Every actor was at that the top of their game on opening night.
The handsome, nicely built and furry Robbie Dwight adds sexual heat to the show – especially early in the first act when his character, British Mark, spends much of the time romping about in a pair of skimpy briefs.
The show's most political character, Tam, is written as the play's "voice of reason." Lisa Melinn's energy is infectious; Tam's love for her friends is palpable.
Both Joe Bailey's Mark and Jon Ager's Collin have moments to shine. Bailey, especially, packs a powerful punch driving home the stark contrasts between gay men of different generations.
Three other performances, however, deserve special mention.
Jamie Richards gives what is likely the best performance of his long, notable career. Keeping vigil next to Evan's hospital bed, "everyone's best friend" – but no one's lover – Michael says far more in silence than most are able to with words. A tug at your heartstrings is guaranteed.
Then there's Lopetrone's Evan. He's sweet, he's somewhat shy – and he has a lot of growing up to do. And it's that roller coaster of emotions that the actor allows us to see – but in reverse, which probably isn't very easy. (He's the only actor who appears in every scene; most find him paired with only one other actor.)
The signature performance, though, goes to the always-amazing Joel Mitchell. A force of nature in every show he appears in, Mitchell tackles aging theater queen Peter with the same fierce zeal that has made him an audience and critical favorite for more than a decade. While Peter's tough exterior seems impenetrable, Mitchell allows glimpses of his softer side seep through, creating a well-rounded character that could easily succumb to stereotype. His bombastic performance starts with his entrance – something I thought I'd never see: Mitchell on roller-skates wearing the brightest red pants and scarf ever conceived. The color certainly matches Peter's fiery personality, made all the more vivid by Mitchell's spectacular performance.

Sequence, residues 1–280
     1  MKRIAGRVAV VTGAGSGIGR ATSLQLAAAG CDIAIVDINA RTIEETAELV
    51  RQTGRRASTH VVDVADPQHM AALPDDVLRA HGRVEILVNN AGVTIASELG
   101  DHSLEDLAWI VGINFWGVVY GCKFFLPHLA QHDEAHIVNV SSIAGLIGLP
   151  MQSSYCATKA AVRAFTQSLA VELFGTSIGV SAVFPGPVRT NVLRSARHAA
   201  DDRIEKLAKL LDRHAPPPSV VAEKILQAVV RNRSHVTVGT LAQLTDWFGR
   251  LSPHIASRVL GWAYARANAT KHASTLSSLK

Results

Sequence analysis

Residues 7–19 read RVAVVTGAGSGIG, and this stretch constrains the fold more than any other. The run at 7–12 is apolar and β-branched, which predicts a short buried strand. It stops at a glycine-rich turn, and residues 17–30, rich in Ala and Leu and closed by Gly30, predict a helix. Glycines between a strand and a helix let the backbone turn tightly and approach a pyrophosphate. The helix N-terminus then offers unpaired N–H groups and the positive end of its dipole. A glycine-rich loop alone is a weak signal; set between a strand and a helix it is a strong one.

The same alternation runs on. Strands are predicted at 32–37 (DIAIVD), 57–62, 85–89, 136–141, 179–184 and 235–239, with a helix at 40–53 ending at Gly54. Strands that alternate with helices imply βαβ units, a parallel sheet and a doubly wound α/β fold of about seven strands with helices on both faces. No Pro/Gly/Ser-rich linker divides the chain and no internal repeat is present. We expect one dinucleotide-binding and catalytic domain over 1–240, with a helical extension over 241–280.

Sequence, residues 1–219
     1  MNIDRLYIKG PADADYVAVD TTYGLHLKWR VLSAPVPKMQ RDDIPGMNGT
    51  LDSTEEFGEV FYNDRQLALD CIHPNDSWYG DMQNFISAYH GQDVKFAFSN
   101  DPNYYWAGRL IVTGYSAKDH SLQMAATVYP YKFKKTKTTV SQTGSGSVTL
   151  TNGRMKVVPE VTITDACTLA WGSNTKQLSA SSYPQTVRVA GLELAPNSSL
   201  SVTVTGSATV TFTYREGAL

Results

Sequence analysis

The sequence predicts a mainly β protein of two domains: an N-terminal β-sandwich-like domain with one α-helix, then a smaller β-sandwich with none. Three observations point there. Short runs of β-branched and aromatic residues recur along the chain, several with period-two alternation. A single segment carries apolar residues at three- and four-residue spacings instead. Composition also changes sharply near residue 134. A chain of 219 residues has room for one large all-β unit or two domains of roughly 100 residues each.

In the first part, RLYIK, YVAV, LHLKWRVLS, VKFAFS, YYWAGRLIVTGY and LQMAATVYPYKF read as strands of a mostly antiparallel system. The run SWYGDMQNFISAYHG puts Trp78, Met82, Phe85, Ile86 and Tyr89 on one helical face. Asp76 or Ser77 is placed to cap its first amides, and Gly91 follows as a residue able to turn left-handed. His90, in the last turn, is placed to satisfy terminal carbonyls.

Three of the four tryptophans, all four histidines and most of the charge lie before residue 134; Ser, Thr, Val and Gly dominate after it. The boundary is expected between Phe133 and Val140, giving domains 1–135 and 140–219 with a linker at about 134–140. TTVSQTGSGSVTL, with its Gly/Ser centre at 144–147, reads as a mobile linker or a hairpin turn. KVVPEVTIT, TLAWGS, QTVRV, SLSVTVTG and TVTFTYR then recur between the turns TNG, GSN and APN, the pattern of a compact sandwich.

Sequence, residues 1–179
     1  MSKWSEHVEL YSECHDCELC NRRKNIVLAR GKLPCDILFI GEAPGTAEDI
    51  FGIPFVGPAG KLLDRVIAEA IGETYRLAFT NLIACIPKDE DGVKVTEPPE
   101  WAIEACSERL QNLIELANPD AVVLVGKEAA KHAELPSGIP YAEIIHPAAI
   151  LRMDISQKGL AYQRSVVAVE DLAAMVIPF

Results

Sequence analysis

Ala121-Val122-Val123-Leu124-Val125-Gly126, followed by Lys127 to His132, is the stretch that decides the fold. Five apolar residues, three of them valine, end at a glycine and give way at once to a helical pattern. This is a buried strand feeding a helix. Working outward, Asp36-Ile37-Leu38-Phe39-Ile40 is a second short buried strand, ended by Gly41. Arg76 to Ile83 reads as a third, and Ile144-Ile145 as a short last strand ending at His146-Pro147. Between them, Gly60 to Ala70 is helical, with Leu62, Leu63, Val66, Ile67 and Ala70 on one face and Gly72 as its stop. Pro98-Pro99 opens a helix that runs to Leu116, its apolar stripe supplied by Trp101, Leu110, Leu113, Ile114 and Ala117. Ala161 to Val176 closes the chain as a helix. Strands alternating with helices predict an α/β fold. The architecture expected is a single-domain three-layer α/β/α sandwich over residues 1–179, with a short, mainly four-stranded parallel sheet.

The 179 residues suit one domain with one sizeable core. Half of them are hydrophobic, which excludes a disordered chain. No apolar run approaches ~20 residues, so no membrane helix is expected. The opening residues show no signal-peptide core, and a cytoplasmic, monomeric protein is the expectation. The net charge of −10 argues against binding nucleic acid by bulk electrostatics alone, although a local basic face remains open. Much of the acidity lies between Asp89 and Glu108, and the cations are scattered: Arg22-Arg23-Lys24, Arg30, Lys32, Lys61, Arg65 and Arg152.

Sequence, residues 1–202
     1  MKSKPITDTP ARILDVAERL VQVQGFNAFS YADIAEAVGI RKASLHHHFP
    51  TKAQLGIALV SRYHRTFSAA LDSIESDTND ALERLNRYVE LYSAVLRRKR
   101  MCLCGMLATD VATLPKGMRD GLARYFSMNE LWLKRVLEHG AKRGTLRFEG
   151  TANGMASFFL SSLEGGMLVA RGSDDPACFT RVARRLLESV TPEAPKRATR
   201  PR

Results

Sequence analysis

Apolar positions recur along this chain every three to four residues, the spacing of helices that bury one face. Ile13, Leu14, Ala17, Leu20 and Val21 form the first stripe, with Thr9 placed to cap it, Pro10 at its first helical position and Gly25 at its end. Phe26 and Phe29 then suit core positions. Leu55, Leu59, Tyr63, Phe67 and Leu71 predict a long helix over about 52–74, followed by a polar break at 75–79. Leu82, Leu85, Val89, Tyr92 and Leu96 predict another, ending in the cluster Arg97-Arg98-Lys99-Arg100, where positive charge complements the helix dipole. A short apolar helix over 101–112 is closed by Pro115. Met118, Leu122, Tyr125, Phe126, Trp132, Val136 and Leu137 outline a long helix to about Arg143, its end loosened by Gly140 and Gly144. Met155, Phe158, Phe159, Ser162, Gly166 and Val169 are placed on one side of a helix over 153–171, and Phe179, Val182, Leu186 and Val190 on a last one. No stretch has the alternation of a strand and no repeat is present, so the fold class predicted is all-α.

Madias' moves the characters about the stage quite nicely, with a sweet touch that keeps the audience and characters engaged during scene changes.
The show's technical elements are among the best I've seen at The Ringwald. The set by Katie Orwig evokes characters and designs made famous by artist Keith Haring's "Ignorance = Fear" poster, printed in 1989 in response to the AIDS epidemic. Joe Plambeck's lighting serves the show well.
But most impressive is the sound design by Plambeck and Madias. Since many of the scenes involve references to the Tony Awards – a "must follow" for older gays and theater critics alike - each is framed with show music from each scene's particular year. (The play starts out with "A Little Night Music," for example, which earned nominations in 2010 for Best Revival and other awards.) Add to the mix excellent sound effects, and the result is a design to be proud of!
If the show has a flaw, it's a script that could use a little shortening.
As Collin says towards the end of the production, "Tonight is about friends." And so too is the play itself. Gay, straight or somewhere in between, count yourself lucky if true friends are at the core of your life. And while they may not be as colorful as Evan's, they do help us become the people we're meant to be.
SHOW DETAILS: "The Homosexuals" continues at The Ringwald Theatre, 22742 Woodward Ave., Ferndale, Friday-Monday through Dec. 10. Running time: 2 hours, 18 minutes. Tickets: $10-20. For information: www.TheRingwald.com.